The largest Civil War engagement within Indian Territory was the battle at Honey Springs, an important stopping point on the Texas Road, a major route between Kansas and Texas. Indian men fought as members of national regiments (Union and Confederate),
The battle was one of the largest and among the first engagements in which former slaves of Indians participated in Union uniform; it was also among the first major engagements of black troops as Union soldiers.
As the turning point of the Civil War in Indian Territory, the Honey Springs battle resulted in a defeat that forced Confederate allies to abandon their line of defense along the Arkansas River and retreat south of the Canadian River—ground they were never able to regain.
My favorite trail at Honey Springs Battlefield, in Checotah, Oklahoma, is trail three, because from every point along the trail, you can see the rugged terrain the soldiers fought to control.
The 150th anniversary re-enactment will include re-enactments of the Honey Springs battle featuring infantry, cavalry and artillery; guided and self-guided tours of the camps; various historical demonstrations; living history programs; and sutlers.
Getting the battlefield designated as a national historic landmark required the dedicated work of several people in Oklahoma’s State Historic Preservation Office, as well as tremendous community support.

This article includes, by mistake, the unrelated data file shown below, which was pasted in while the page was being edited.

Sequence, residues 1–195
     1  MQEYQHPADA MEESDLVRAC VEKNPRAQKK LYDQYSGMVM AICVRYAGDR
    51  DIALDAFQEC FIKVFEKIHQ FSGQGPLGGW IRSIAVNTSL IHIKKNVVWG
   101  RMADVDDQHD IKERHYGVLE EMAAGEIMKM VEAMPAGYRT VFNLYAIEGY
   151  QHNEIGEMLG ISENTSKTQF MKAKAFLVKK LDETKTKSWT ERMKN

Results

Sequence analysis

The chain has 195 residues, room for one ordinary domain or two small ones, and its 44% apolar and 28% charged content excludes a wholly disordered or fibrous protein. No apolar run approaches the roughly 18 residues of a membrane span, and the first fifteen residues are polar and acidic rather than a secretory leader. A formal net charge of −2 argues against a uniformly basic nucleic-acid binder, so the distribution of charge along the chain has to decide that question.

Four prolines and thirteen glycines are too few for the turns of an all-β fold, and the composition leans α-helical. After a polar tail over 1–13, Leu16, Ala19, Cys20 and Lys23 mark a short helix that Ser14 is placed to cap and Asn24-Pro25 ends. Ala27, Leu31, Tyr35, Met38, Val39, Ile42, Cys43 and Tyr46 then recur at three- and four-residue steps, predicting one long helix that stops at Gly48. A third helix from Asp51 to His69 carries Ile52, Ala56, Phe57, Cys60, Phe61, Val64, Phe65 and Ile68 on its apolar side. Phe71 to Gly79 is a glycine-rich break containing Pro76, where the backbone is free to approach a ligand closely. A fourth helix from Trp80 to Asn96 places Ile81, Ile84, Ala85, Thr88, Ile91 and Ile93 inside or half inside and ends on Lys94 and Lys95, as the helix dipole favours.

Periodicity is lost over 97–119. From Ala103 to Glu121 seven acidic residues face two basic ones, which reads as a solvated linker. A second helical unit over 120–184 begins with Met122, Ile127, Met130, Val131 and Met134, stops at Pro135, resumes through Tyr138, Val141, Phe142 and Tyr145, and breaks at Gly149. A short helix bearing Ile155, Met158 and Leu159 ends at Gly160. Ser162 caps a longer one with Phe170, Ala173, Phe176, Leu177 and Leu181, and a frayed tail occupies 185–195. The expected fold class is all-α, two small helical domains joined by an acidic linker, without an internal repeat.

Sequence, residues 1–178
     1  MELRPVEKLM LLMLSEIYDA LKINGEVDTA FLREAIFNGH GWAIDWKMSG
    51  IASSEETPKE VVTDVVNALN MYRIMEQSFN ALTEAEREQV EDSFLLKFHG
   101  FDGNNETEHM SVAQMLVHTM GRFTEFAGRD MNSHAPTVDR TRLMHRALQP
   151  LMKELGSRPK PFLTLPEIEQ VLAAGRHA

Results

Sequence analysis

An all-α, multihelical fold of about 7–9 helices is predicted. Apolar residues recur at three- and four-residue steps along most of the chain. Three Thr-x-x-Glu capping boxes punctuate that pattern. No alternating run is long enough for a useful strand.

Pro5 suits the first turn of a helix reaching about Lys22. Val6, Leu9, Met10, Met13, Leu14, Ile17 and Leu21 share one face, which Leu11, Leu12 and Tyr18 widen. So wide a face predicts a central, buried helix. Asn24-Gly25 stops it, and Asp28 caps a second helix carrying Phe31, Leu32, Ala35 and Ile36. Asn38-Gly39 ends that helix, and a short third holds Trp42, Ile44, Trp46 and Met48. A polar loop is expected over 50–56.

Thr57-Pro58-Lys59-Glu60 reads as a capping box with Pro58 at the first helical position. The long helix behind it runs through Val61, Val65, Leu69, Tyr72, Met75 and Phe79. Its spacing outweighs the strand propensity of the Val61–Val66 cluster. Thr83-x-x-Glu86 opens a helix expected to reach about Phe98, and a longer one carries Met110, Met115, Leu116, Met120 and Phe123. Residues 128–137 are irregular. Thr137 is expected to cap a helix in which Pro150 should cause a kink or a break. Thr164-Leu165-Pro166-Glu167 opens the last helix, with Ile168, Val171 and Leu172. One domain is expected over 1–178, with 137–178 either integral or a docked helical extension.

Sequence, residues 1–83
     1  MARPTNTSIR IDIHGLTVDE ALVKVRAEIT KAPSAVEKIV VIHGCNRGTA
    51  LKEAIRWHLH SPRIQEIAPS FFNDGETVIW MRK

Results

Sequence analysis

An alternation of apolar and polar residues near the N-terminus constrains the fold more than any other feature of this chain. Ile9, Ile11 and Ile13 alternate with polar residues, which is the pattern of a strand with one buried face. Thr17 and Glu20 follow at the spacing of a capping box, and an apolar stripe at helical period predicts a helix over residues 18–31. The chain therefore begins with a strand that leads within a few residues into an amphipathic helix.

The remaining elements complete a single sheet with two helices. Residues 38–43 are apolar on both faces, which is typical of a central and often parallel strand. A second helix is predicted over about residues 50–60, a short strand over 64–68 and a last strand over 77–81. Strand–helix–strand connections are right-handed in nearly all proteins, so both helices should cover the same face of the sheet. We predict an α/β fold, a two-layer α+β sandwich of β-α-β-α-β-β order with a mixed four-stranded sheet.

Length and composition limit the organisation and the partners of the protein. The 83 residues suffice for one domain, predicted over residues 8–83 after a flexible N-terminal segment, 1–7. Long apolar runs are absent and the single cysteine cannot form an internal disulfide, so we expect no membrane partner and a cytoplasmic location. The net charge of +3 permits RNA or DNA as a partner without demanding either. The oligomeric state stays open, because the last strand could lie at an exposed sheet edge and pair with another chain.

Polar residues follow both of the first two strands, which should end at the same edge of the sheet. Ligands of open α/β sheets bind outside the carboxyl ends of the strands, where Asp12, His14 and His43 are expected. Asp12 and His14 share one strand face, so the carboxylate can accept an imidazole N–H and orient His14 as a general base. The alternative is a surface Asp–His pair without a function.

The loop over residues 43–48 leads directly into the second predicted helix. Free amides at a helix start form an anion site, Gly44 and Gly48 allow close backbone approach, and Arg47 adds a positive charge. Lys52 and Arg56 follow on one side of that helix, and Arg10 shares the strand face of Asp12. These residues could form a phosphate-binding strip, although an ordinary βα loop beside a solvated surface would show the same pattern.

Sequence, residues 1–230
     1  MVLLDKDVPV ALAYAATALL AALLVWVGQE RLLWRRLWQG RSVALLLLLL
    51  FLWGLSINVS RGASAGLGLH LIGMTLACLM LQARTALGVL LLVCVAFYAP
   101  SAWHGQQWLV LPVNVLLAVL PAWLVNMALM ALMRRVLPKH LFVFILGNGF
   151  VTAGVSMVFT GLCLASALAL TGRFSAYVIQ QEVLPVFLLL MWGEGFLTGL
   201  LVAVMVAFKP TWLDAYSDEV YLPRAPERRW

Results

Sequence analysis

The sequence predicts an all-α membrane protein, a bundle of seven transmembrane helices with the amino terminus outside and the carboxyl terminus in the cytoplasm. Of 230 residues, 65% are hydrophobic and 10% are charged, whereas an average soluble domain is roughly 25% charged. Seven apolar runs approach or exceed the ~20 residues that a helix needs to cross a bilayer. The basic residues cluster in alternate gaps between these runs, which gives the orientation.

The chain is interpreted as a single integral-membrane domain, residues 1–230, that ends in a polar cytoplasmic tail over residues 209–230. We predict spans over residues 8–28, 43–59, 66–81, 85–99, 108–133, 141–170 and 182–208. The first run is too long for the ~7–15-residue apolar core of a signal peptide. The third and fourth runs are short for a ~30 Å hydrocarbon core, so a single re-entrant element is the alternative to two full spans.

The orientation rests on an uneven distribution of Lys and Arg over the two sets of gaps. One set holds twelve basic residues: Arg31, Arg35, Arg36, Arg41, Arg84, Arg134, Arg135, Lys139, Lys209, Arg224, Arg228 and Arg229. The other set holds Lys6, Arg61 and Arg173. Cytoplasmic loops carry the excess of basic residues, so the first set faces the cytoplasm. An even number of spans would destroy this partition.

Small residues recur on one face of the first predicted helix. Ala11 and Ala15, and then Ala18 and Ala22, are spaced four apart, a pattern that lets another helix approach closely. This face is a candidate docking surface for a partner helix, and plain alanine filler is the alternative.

Omar Reed, a top-notch historical interpreter stationed at Fort Gibson, is always willing to share his knowledge and skills when discussing Honey Springs and specifically the 1st Kansas Colored Infantry.
Fort Gibson was the base of operations for the Union during the campaign to control Indian Territory. From here, Union soldiers marched all night in the rain along the Texas Road to fight at Honey Springs.
Next year, visitors can expect to see the construction of a brand new visitor’s center, which will profoundly change the way they experience the battlefield.
I first got the history bug while on a fifth grade field trip to our local historical society.
My job as a steward of historic sites has given me the honor and privilege to preserve our shared heritage for future generations. I enjoy when kids visit my park, as well as any other place where they can gain perspectives about the world around them.
Before I worked at Honey Springs, I worked at other great places such as Wright Brother National Memorial, Fort Raleigh National Historic Site, Cape Hatteras National Seashore and Grand Canyon National Park.
Another area of Old West history that interests me is the Chisholm Trail, because it went through the town I grew up in.
My favorite Western actor is Gene Autry, because I enjoy watching his shows with my two boys Cody and Wyatt.
What history has taught me is that understanding the past can have a profound effect on how you plan your future.
CHRISTOPHER PRICE, DIRECTOR OF HONEY SPRINGS BATTLEFIELD
A native of Oklahoma who grew up in Chickasha, Christopher Price had a good year as director of the Honey Springs Battlefield in Checotah—he helped get the battlefield designated a national historic landmark, just in time for the 150th anniversary of the July 17, 1863, Civil War engagement that took place there. The battle will be commemorated at the park from November 9-10. The site boasts six walking trails and nearly 60 historical markers.